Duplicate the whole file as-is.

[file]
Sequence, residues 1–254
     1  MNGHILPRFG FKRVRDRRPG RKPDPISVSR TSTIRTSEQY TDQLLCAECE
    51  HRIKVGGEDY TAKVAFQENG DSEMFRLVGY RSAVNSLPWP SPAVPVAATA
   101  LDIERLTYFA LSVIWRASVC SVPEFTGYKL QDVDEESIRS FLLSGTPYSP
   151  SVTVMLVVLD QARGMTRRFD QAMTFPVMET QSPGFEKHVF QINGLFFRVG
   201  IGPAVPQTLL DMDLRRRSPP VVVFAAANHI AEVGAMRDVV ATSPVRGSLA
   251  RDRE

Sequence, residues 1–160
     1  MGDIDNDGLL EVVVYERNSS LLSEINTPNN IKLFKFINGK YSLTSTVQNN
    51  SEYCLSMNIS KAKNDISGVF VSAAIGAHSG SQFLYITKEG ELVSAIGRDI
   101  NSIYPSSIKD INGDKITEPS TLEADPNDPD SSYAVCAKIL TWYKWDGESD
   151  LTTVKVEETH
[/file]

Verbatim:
Sequence, residues 1–254
     1  MNGHILPRFG FKRVRDRRPG RKPDPISVSR TSTIRTSEQY TDQLLCAECE
    51  HRIKVGGEDY TAKVAFQENG DSEMFRLVGY RSAVNSLPWP SPAVPVAATA
   101  LDIERLTYFA LSVIWRASVC SVPEFTGYKL QDVDEESIRS FLLSGTPYSP
   151  SVTVMLVVLD QARGMTRRFD QAMTFPVMET QSPGFEKHVF QINGLFFRVG
   201  IGPAVPQTLL DMDLRRRSPP VVVFAAANHI AEVGAMRDVV ATSPVRGSLA
   251  RDRE

Sequence, residues 1–160
     1  MGDIDNDGLL EVVVYERNSS LLSEINTPNN IKLFKFINGK YSLTSTVQNN
    51  SEYCLSMNIS KAKNDISGVF VSAAIGAHSG SQFLYITKEG ELVSAIGRDI
   101  NSIYPSSIKD INGDKITEPS TLEADPNDPD SSYAVCAKIL TWYKWDGESD
   151  LTTVKVEETH